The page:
Key Competitors: What similar companies are out there? How are they handling their content? Are they measurably successful at providing engaging content? The answers to these questions can help your writer give your brand a unique voice, and having access to competitor's content lets them know what to emulate and what to avoid in the copy they write for you.

As for specific projects, there are a few must-haves if you expect your writer to produce a usable first draft. Never submit a creative brief without covering all of these bases:

Project Summary: We've moved on from company vision now. What is your vision for this project? What kind of copy do you want? Will it be shared via or posted to social media? These and other questions should be covered in this section of your brief.

Project Objective(s): What is the intended result of putting someone in front of this copy? Is it some kind of conversion? Is it purely for SEO? If you release this content to the masses, what are they supposed to do with it? What are they supposed to do with the message sent through it?

Be careful, however, to avoid specifics like “5 percent click-through” since there is no magic formula the writer can apply to ensure that. Start with “increase engagement and click-throughs to our blog” and work your way up from there.

Outline of Deliverables: A writer should never be left to figure out what kind of content you need. If you need two blog articles, four Facebook posts, 20 tweets, and an email blast, outline all of that clearly.

Give an approximate per-page word count whenever possible, as many writers write by the word as opposed to an hourly or flat rate. Some employ all of those billing methods depending on the project, so it is important that they know how to organize their time as well as their bill.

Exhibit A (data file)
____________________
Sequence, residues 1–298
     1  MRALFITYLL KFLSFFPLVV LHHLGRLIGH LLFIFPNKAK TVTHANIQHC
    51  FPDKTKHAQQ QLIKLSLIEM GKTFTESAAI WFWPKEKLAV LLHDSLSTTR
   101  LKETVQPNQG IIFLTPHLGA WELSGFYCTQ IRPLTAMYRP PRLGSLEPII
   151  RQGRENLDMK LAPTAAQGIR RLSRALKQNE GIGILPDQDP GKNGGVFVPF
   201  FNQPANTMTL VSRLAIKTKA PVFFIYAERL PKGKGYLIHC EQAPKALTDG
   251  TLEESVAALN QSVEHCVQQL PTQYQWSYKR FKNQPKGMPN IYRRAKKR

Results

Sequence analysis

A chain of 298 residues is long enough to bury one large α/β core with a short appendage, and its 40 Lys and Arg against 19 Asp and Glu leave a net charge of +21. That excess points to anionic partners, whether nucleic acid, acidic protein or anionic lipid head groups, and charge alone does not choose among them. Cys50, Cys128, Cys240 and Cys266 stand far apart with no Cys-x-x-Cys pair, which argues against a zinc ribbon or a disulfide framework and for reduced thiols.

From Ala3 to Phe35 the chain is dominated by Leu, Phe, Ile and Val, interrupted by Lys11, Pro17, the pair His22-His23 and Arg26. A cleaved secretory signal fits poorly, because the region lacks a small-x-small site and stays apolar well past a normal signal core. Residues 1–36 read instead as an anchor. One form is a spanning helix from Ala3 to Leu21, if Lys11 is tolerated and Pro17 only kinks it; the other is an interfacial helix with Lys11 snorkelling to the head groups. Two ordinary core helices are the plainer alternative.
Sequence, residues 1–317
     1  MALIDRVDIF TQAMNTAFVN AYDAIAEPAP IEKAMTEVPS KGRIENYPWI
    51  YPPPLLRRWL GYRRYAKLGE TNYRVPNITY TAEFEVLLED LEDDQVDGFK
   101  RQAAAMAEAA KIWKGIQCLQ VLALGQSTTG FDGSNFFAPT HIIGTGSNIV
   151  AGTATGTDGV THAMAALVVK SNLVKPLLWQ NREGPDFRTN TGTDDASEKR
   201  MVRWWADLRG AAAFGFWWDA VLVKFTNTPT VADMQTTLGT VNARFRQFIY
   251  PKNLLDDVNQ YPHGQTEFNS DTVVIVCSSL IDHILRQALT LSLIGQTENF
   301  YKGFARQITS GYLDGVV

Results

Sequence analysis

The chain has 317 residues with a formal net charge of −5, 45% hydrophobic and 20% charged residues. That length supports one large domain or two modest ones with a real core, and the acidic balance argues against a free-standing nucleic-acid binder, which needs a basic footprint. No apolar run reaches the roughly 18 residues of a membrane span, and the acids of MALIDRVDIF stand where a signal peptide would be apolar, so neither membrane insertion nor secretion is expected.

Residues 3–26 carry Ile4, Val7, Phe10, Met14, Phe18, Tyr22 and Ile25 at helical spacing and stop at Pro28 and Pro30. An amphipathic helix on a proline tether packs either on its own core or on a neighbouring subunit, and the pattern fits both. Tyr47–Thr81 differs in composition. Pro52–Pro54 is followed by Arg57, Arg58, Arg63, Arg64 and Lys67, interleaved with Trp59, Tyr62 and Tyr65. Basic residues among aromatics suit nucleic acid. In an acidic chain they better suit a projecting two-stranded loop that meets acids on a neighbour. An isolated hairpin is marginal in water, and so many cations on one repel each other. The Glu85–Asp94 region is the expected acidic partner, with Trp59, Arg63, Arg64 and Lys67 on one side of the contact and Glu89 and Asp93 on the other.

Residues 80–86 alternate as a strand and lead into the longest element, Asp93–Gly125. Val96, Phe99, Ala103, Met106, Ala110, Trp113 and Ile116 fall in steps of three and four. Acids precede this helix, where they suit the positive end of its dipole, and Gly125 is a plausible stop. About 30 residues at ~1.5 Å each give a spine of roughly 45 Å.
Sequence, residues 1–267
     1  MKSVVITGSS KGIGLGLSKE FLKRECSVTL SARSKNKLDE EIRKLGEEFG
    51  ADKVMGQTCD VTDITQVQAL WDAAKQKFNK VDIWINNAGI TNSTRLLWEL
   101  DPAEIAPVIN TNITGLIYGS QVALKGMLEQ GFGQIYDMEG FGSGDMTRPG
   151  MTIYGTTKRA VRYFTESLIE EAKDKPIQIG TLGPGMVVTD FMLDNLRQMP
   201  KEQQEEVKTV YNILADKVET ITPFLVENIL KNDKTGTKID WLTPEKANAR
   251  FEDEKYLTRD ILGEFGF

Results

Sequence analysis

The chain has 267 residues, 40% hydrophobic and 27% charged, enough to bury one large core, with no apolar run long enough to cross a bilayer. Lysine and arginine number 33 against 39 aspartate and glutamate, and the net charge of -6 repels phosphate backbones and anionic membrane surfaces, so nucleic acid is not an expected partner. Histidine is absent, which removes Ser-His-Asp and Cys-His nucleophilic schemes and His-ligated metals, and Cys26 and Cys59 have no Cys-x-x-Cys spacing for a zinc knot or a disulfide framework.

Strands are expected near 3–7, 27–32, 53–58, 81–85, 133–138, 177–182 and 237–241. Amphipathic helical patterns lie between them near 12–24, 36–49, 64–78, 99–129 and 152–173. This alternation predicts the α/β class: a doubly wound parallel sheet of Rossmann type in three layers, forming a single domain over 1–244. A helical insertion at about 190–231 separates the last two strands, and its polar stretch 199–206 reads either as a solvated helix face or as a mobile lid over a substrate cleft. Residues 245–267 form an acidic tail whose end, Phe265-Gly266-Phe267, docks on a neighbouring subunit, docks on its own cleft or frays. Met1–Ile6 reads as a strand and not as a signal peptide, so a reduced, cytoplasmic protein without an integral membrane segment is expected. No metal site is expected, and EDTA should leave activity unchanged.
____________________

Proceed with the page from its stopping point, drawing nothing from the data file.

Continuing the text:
Please don't just ask for “marketing copy” put together “however you see best.” You would be amazed at how often that happens. Please be specific and know what you want before you place your order. Doing this also makes it much easier to negotiate a rate since most freelancers and custom writing agencies have predetermined rates based on the type and amount of work you want.

Deadline for Completion: Be clear about when you need the work done. “A few days from now” is not a deadline. Most busy writers give priority to work that carries specific deadlines, so if you want your project to stay on course, let your writer know when you expect him or her to deliver. Always allow yourself a few days grace so that issues revolving around late submissions or subpar submissions can be dealt with and remedied. Never keep working with a writer or agency that doesn't take deadlines seriously.

Final Takeaway

As the client, you have an incredible amount of control over the quality of the work you purchase from your copywriter. Exercise that control by supplying the best possible creative brief for every project. Once you have all the general information established, all you need to do is fill in the blanks for each specific project. A good writer will always be able to follow a well-established set of guidelines but will almost never be able to read your mind.